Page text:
Tuesday, January 21, 2014

My Superman

On paper, he was married to my aunt. In real life, he was everything. My uncle, my grandfather, my father and mentor. I don't know if I can call him a friend, because I was too in awe of him to ever consider myself on such a level.


My Uncle Ben died at sunrise on December 15th, at the age of 85. I had watched him fade away, ravaged by cancer, his features turn ashy and sunken. I fell asleep holding his hand, perched precariously between two uncomfortable chairs, my head balanced in the crook of my arm. I sat for hours, for days by his bedside, holding my own breath with each unnatural pause in his painfully slow, labored breathing, with nothing to say but everything.

Mostly I cried silently, because he had told me I wasn't allowed to weep for him. Four days before he died I started sobbing openly and apologized to him; by that time he was in a comatose state, eyes glassy and half-open. He squeezed my hand. Whether he was telling me it was OK, or to knock it the hell off, I'm not really sure. A little of both, probably. He had said repeatedly in the final few weeks, "just throw me in a trash bag and put me out". It was only half in jest. My Uncle Ben was the most humble man you could ever imagine. Given what he had done in life, his humility was just another amazing accomplishment.


If anyone in my home state of Delaware ever has to call 911, you can thank him for that. He set that up. If, after you call 911, the paramedics show up, you can thank him for that too. (At the viewing and his funeral, there was a paramedic color guard, and uniforms in white gloves manning the doors; it was too much for me) If your best friend is in a horrible car crash and rushed to the emergency room, you can thank my Uncle Ben for the care your friend receives. He created the ER as we know it today, a specialization all its own. You're welcome, George Clooney. He had vision and passion like no other. His passion was helping people. That sounds stupid and corny, but it really was. He believed in God, and that his God-given talents were on loan, so he sure as hell better use them wisely. He believed in people, and the goodness in people, and he did everything he could to help others realize their own potential for good. He built schools in third-world countries, drilled wells for those families to have fresh water. And he did all of this...because in college his cleats got stuck when some asshole base runner ran into him at home plate and blew out his knee. He would've been a catcher for the New York Yankees. So, Plan B? Doctor. And not just any doctor, a surgeon. Yeah, blows my mind, too.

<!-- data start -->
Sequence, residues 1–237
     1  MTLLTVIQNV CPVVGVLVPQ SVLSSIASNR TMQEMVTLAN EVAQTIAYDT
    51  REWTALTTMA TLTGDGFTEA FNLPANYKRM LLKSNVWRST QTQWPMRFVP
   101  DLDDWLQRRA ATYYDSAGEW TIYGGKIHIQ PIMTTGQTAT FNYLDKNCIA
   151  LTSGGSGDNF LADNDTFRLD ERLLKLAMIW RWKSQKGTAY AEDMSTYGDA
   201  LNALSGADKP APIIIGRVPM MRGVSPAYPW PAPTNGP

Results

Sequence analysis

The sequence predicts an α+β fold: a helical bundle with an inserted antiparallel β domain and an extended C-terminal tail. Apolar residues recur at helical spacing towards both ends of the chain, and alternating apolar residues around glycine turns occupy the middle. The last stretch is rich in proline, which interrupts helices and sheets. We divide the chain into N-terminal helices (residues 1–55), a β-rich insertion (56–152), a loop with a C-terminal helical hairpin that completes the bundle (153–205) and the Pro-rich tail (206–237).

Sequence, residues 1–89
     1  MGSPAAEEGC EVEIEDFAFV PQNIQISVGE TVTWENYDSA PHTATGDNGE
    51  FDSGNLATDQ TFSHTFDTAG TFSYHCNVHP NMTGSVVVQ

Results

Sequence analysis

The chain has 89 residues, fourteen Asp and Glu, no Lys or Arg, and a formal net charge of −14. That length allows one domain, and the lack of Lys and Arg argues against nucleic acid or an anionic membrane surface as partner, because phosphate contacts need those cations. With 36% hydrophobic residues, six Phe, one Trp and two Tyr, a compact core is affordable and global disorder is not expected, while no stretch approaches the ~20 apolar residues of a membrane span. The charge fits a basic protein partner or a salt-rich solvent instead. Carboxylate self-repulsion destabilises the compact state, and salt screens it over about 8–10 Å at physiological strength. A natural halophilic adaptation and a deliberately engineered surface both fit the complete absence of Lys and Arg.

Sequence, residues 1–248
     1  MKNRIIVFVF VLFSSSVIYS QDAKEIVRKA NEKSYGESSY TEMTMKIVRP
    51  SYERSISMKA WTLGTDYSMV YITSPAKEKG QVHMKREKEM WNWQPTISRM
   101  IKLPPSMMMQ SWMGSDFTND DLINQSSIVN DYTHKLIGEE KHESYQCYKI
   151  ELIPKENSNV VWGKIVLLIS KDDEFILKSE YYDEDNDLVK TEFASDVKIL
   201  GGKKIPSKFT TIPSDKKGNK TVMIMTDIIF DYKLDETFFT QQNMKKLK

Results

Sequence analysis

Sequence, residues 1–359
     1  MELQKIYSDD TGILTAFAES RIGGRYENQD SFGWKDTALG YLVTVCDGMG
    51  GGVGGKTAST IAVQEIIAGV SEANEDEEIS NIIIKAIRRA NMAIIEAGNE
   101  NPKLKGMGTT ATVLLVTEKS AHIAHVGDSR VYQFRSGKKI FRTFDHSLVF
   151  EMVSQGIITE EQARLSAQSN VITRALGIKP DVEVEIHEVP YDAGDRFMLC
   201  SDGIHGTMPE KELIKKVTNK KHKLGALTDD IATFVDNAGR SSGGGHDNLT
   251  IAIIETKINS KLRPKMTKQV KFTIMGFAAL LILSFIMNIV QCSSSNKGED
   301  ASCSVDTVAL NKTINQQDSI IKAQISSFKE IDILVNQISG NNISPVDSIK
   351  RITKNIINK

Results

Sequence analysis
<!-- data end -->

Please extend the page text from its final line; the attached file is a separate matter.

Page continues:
But his greatest accomplishment, if you ask me, was just being my uncle. He was Superman to me, and I didn't know about half the shit he did to save the world. He was such a monumental part of my life, and that's all I ever knew, all I ever cared about. He was always there, as far back as I can remember. He and my aunt were a cornerstone of my childhood. My grandfather on my mother's side died when I was 4 years old. I'm the only one of my 3 siblings who remembers him. On my father's side, we saw Grandfather once a year, at Christmas, when he gave us socks....